- Vendor Reports. Expect regular reports from the vendor including issues found, issues resolved, migration performance, and end user experiences. Suggest regular status meetings if the migration vendor does not.
- Backups. Allow time for regular backups of the environments, which may require migrations to be paused.
- Change Control. Inform the migration vendor of any regular maintenance windows, emergency outages or unplanned changes that impact the migration.
- Expect Failures. Archived data tends to have items that can no longer be retrieved in the current system for various reasons, such as corruption. Most migrations have some failures – make sure the migration vendor explains how failures will be handled.
- Expect Road Bumps. Variables in archiving technologies, hardware configuration, network security, backup method, database health, etc. make migrations unique. Therefore, the archiving vendor might make slight adjustments during the process.
- Review Reports. Review all chain of custody reports with special attention to items that failed to migrate. Work with the migration vendor to determine whether these failed items can be captured or migrated by some other means, and document them for Compliance and Legal departments, as to what is missing, and why it could not be migrated. Save these documents and reports until the retention of the failed items has expired.
- Migration Acceptance. Document the acceptance of or additional requirements for project completion.
- Delete Legacy Data: Delete the original data, as well as any backups of the original data, unless provided instruction to the contrary by the organization’s Legal department.
Large-scale data migrations can be challenging but with the appropriate planning and careful execution, organizations can greatly reduce the risks and costs associated with these projects.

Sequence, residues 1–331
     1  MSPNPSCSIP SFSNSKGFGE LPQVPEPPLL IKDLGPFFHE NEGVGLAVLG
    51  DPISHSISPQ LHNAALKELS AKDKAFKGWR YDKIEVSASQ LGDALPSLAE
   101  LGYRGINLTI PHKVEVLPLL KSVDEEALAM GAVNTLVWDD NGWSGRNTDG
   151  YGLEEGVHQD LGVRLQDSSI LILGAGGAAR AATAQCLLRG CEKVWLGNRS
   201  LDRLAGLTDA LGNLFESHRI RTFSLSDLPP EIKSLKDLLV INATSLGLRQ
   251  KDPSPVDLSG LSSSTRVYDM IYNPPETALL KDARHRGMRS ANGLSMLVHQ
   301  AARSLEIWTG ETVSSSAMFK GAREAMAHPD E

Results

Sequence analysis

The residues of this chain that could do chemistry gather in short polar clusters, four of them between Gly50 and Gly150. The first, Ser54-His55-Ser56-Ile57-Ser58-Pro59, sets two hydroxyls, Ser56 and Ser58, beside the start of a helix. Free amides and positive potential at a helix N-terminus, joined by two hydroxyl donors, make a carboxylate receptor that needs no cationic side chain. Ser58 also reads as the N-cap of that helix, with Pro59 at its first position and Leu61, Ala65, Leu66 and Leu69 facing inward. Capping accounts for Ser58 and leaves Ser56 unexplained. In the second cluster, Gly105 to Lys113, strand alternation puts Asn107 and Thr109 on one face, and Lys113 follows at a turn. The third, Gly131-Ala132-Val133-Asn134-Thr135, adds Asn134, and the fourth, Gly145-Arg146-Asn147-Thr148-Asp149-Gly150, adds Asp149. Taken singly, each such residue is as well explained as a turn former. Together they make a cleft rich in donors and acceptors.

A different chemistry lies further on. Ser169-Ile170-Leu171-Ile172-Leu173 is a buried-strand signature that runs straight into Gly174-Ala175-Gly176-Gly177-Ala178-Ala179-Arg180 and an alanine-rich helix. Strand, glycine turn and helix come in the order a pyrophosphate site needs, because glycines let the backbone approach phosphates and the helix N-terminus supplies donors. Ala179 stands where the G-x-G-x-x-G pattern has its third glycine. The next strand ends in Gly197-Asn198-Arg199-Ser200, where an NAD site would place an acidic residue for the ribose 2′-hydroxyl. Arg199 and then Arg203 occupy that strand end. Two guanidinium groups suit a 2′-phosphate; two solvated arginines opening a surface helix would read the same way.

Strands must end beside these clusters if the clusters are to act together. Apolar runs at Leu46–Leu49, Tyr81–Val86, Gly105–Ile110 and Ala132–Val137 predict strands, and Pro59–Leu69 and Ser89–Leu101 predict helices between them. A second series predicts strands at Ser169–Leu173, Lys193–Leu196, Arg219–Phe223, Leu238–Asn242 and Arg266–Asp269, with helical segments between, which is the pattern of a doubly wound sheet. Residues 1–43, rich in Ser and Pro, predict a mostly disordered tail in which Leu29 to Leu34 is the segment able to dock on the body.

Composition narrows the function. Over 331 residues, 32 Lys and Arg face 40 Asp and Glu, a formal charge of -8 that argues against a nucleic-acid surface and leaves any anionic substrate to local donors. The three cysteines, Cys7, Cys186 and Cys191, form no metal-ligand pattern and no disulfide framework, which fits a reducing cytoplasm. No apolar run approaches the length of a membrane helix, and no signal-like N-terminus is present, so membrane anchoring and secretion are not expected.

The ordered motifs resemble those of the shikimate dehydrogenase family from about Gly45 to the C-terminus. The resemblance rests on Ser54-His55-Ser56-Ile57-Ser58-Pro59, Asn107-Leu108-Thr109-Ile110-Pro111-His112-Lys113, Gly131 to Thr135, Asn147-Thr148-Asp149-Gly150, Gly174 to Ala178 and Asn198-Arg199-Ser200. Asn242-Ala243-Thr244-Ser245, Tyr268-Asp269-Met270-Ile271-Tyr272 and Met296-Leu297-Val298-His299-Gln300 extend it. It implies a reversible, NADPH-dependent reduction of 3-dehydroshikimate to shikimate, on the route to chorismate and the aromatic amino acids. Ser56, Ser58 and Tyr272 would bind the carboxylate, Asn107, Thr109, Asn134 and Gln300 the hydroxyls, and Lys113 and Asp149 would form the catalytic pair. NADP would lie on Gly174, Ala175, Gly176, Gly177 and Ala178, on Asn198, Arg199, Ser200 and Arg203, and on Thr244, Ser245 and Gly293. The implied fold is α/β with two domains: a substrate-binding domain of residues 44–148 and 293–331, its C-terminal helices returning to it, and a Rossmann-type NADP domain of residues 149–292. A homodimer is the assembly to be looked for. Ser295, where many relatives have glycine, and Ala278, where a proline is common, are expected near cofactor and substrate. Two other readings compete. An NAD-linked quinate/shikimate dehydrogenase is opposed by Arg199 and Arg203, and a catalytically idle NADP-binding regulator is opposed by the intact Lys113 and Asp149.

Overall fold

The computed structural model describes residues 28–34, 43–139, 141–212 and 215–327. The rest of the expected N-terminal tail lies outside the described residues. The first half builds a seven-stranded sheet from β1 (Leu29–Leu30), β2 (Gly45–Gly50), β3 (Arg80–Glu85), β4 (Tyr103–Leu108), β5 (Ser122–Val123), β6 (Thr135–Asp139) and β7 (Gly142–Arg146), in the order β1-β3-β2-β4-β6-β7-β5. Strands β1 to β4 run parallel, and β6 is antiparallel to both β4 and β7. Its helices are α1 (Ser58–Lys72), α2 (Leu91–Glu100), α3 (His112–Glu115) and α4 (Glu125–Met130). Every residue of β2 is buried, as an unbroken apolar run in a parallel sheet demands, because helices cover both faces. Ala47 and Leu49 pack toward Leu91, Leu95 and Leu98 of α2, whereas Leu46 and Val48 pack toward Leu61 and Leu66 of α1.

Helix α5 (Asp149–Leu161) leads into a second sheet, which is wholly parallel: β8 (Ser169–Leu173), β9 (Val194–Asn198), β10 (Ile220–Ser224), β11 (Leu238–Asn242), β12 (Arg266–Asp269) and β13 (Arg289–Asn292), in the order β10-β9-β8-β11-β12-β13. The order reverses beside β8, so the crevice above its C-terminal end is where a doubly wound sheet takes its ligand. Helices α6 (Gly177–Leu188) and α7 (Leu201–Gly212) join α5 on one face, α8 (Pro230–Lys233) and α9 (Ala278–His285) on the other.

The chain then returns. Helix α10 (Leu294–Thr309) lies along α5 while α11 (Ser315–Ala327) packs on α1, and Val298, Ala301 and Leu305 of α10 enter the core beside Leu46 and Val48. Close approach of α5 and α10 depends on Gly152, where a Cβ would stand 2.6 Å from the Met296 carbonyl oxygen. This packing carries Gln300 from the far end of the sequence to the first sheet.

The rewards of having all your archives on one platform outweigh the cost. Beyond the obvious benefits of standardizing on a state-of-the-art platform that will be around for many years, clients most frequently cite streamlined management of just one system instead of several and an enhanced ability to perform efficient searches against for all archived data simultaneously as the main benefits.
Sam Elbeck is the Sr. Director of Business Development and Client Services at Globanet, where he is responsible for all projects delivered by Globanet’s highly skilled technical resources; including designs, implementations, data migrations and many other services that Globanet provides. Sam is also responsible for developing new service offerings based on industry requirements. Prior to joining Globanet Sam spent three years at Symantec as a Lead Architect designing archiving, compliance and data management solutions for some of the largest organizations globally. Sam moved into a Solution Strategist role where he also spent a considerable amount of time discussing customers’ business issues and solving them using the latest technologies. Prior to Symantec, Sam spent nine years at IBM where he started his technical career in administration and architecture of messaging infrastructures. He then went on to build a team of engineers that specialized in data management and archiving solutions. Sam carries an MBA with a concentration in Management Information Systems and holds an undergraduate degree in International Business as well as several other technical certifications. Sam can be reached at email@example.com or through www.globanet.com.CLOUD COMPUTING, DATA and ANALYTICS , Fresh Ink